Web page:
What The World Eats For Winter Solstice
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Patjuk: South Korea's Dongji

The South Korean dish consumed on Dongji (winter solstice) serves a dual purpose: it is meant to both nourish the eater, and protect them from evil spirits. Some families even place bowls of patjuk in all the rooms of their house before sitting down to a meal of it themselves. Patjuk comprises three main ingredients: red bean, which is boiled, then mashed by passing through a sieve so the skins can be discarded; the liquid reserved from the beans is used to cook rice, then the bean-mash is added back into the pot. Lastly, small rice cake balls (made of glutinous rice flour, and known as "saealsim", meaning "bird's eggs") are added to individual bowls. The number of saealsim in the bowl corresponds to each person's age. Patjuk is usually seasoned with salt, but not everyone is fond of the taste, and may prefer to add sugar to sweeten their bowl. 

Gløgg: Norway's Mørketid

Mørketid is the Norweigian term for the time with the longest nights of the year, around the winter solstice. In the everpresent darkness, a glass of gløgg goes a long way in maintaining a cheery disposition. Gløgg is a mulled, spiced drink made of wine, although spirits like rum, brandy or cognac can substitute perfectly well. Ginger, cinnamon, cloves, orange/lemon peel and raisins intensify the flavours of the alcohol, although gløgg can also be made in a non-alocoholic version, with berry or fruit juices.

Lutefisk: Finland's Midwinter

The edible part of winter solstice celebrations in Finland traditionally involve ham, and on fasting days, lutefisk. Lutefisk is made of dried cod (or dried ling and saithe); it is rehydrated in cold water and a strong alkaline solution (like lye) until it is soft and jelly-like. The fish is then rinsed and soaked in water once more, before being baked, poached or steamed. While the smell of dried fish is not to everyone's liking, the dish itself has a mild flavour, quite similar to fresh fish. Boiled potatoes and green peas serve as the typical Finnish accompaniment.

Ash Reshteh: Iran's Yalda/Shab-e Yalda

Aush, i.e. thick soups, feature prominently in Iranian cuisine; there are believed to be as many as 50 variants that are commonly prepared and consumed. On the night of Yalda, or Shab-e Yalda (the winter solstice), Iranians eat a specific type known as ash reshteh. Reshteh is a thin noodle eaten in Iran, but it isn't the only ingredient that goes into this aush. There is also kashk, a whey-like substance made from cooked or dried yoghurt. To make the ash reshteh hearty, some families may add chickpeas, or other lentils and beans. Herbs and spices impart flavour to the dish, which is always vegetarian. Iranians also eat pomegranate as a matter of ritual during Yalda.

Bilili: Pakistan's Chawmos

The people of the Kalash Valley in Pakistan set great store by the festival of Chawmos, their version of the winter solstice. Entire communities get together to sing, dance and participate in longstanding rituals (including the finding of bridegrooms!). Feasting is an essential element of the festival as well, although there is little documentation of what the most typical dish might be. It's safe to assume, however, that the Kalash Valley's mainstays such as walnuts and grapes (both harvested over September-October) or apricots (sun-dried for use in the winters) feature heavily on the menu. For instance, the traditional breads of the Kalash people use walnuts in a variety of ways: whole or crushed kernels, or ground into a fine/coarse meal. Among these walnut breads is the bilili: batter mixed with nuts, then fried in a pan. Another staple is the jã'u, a thick bread stuffed with walnuts and cheese, baked beside a fire.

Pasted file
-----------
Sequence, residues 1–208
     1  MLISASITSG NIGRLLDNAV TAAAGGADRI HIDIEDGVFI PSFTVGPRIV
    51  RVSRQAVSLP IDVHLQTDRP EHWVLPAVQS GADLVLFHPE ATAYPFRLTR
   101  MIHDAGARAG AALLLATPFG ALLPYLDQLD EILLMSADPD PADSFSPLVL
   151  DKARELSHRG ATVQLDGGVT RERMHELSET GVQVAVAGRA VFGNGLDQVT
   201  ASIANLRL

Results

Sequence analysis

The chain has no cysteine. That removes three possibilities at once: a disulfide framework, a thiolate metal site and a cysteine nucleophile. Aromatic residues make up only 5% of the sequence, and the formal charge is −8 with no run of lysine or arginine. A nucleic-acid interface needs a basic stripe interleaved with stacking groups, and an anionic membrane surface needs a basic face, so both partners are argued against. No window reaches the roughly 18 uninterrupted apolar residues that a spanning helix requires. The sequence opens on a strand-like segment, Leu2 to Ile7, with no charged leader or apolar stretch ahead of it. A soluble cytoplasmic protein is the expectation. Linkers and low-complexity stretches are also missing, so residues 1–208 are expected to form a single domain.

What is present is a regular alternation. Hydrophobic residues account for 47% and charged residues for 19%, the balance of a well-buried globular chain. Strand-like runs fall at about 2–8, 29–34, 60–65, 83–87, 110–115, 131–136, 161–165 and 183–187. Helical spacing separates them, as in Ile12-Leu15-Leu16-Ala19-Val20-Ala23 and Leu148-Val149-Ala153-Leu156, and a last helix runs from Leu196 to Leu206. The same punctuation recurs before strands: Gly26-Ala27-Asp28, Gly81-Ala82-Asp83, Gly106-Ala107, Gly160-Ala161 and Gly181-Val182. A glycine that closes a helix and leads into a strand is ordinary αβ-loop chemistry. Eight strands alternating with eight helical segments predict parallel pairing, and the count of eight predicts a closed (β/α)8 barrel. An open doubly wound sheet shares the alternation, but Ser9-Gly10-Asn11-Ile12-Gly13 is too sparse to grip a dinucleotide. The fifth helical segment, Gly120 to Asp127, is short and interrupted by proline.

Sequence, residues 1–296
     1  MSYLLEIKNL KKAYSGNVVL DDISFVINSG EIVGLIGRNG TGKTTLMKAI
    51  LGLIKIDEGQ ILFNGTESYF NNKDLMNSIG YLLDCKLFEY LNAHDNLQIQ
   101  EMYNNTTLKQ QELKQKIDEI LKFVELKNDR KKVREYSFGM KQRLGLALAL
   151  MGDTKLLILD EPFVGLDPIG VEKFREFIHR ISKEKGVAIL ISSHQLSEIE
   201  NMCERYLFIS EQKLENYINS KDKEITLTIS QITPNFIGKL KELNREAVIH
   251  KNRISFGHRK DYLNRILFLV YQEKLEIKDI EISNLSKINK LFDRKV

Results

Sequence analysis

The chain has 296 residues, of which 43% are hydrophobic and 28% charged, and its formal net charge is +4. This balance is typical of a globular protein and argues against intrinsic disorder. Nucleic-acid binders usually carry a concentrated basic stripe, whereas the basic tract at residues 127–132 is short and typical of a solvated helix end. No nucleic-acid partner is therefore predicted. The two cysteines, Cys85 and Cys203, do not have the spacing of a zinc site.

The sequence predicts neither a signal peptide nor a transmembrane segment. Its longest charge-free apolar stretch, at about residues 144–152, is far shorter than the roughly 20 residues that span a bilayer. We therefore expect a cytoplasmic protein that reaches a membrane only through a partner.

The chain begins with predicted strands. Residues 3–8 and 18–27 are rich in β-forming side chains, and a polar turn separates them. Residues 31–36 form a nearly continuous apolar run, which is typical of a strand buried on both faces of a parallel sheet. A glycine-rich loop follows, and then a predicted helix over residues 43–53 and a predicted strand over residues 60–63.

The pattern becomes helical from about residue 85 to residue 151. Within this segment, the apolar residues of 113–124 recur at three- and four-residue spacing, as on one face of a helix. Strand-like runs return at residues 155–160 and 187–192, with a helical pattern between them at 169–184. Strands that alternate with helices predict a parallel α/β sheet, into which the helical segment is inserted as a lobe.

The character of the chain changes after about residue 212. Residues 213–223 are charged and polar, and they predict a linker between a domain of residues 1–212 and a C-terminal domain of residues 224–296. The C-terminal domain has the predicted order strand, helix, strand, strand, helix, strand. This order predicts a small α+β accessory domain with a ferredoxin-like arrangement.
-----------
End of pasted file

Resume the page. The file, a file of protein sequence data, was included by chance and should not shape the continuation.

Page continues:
Chiri Uchu: Peru's Inti Raymi

While pomp, pageantry and paying obeisance to the Sun God take centre stage during the Inti Raymi festivities in Peru, food isn't far behind either. And for a festival this important, nothing less than the Chiri Uchu will do. Chiri Uchu is made of produce and meat from across the Peruvian terrain: roasted guinea pig, chicken, dried meat (beef jerky), sausages, cacao, cheese, roasted corn, rocoto peppers, seaweed, fish roe and so on. The preparation begins a day earlier as it can take time to individually cook the meats, poultry and seafood before combining them with the other ingredients. The accompanying corn cake is cooked on the day of the festival. Inti Raymi celebrations also feature dishes like chicharrones (pork rinds) and anticucho (spiced/marinated meat that is grilled).

Yule Bread: Scotland's Grian-stad Geamhraidh

The yule bread is instantly recognisable because of its distinctive appearance: a circular loaf (or bannock) made of three plaited strands of dough, with a hole in the centre in which a lit candle is placed overnight to mark the winter solstice. The loaf's notched edges are meant to represent the rays of the sun, while the use of caraway seeds and honey in the recipe are meant to be auspicious. In olden times, a cheese known as yule kebbuck would be had with ale, or if you had a ken for something a whole lot more decadent, whipkull. The recipe for whipkull calls for "a dozen egg yolks, a pound of sugar, half a pint of rum and a quart of fresh cream".

Tangyuan: China's Dongzhi

Dumplings and tangyuan are the two foods no Dongzhi (winter solstice in China) celebration would be complete without. We wrote about tangyuan, the Indian rosogolla's doppelganger, just last week.